Wetlands are vital components of the natural landscape, providing important ecosystem services such as water filtration, flood control, and habitat for a diverse array of plants and animals. In Illinois, wetland resources are protected under state and federal regulations, including the Illinois Wetland Protection Act and the Clean Water Act. These regulations require that wetlands be identified and protected before development activities can take place. This process, known as wetland delineation, is a crucial step in protecting Illinois’ natural resources.
Wetland delineation involves identifying the boundaries of a wetland and determining its functional characteristics. Wetlands are typically defined as areas that are inundated or saturated by surface or groundwater at a frequency and duration sufficient to support the growth of hydrophytic vegetation. Hydrophytic vegetation, also known as wetland plants, are adapted to growing in wet or flooded conditions.
There are several methods for conducting wetland delineations, including field observations, soil analyses, and vegetation surveys. Field observations involve physically visiting the site and examining the presence of hydrophytic vegetation, hydrology, and soil characteristics. Soil analyses involve collecting and analyzing soil samples to determine the presence of wetland indicators such as hydric soils and peat. Vegetation surveys involve identifying and classifying the plant species present on the site.
In Illinois, wetland delineations are typically conducted by qualified professionals, such as wetland scientists or biologists, who have training and expertise in identifying and evaluating wetland resources. These professionals use a combination of field observations, soil analyses, and vegetation surveys to determine the presence and boundaries of a wetland.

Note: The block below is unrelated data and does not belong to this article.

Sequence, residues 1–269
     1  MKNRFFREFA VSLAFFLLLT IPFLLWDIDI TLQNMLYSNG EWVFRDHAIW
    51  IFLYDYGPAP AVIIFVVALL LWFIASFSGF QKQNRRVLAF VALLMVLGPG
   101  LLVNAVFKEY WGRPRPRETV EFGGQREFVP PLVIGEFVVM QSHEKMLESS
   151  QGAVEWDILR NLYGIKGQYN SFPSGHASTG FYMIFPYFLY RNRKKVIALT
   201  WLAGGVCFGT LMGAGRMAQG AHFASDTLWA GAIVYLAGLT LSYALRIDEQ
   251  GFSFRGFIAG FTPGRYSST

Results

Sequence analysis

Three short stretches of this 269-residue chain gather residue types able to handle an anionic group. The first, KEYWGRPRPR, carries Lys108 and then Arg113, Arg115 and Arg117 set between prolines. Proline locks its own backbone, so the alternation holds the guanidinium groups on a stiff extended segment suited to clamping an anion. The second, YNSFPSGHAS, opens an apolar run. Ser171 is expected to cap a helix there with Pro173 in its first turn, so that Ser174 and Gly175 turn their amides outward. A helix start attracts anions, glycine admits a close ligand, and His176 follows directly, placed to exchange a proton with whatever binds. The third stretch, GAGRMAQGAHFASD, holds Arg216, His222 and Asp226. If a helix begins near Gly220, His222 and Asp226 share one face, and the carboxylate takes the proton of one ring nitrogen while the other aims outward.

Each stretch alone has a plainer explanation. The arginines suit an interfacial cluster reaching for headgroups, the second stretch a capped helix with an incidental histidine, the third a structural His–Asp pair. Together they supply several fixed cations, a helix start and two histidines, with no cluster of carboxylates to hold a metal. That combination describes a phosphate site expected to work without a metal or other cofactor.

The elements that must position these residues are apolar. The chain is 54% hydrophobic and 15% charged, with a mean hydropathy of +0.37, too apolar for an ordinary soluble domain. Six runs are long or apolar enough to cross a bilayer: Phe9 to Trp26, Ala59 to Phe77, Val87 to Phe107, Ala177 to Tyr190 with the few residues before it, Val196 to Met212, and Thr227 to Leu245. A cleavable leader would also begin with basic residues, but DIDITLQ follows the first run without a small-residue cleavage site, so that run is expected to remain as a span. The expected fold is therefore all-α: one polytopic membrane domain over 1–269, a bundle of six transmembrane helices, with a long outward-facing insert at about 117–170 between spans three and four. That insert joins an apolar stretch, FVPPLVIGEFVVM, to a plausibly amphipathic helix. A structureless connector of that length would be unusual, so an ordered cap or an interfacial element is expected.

Once a wetland has been identified and its boundaries have been established, the wetland can be protected through a variety of measures. These may include regulatory restrictions on development activities, conservation easements, or voluntary conservation efforts. Wetland protection is important not only for the ecosystem services that wetlands provide, but also for the numerous economic and social benefits that wetlands contribute to communities.
For example, wetlands can provide important recreational opportunities, such as bird watching, hiking, and fishing. They can also support local economies through tourism and outdoor recreation. In addition, wetlands can provide valuable habitat for a variety of plants and animals, including many species that are threatened or endangered.
In Illinois, wetland resources are an important part of the state’s natural landscape, and wetland protection is a crucial step in preserving these resources for future generations. By conducting wetland delineations, we can identify and protect these valuable resources, ensuring that they continue to provide the many benefits they offer to communities and the environment.
Why Should I Care About Wetlands in Illinois?
Providing habitat for wetland flora and fauna has an intrinsic value as we described above. However, as so much of life is dictated by the political inclinations of our government, we are subject to its rules and regulations. We may disagree politically, but you can’t deny the government has the last say in the matter.
So on a more positive note, the purpose of an environmental consultant such as A3 Environmental Consultants is to make sure you don’t purchase a property that is encumbered by a wetland that precludes you from doing what you want with it. So much of what we do happens in the period of time between signing a contract to buy commercial real estate and the time the property is actually purchased. This due diligence time period is when wetland delineators are asked to research how a property might be impacted by wetlands and who we will need permits from in order to build.
So outside of the moral and ethical implications of habitat destruction, we help you avoid costly mistakes and extended time delays by giving you good advice before you purchase a property.
Are There Other Reasons To Care About Wetlands?
Yes. Wetlands are typically the lowest points on a property. They represent clues to where a property will flood and soils may not be suitable to put heavy buildings on. If it isn’t an environmental consultant advising against building over a wetland, and if it isn’t the regulatory bodies, it may be the geotechnical or structural engineers who tell you its a bad idea.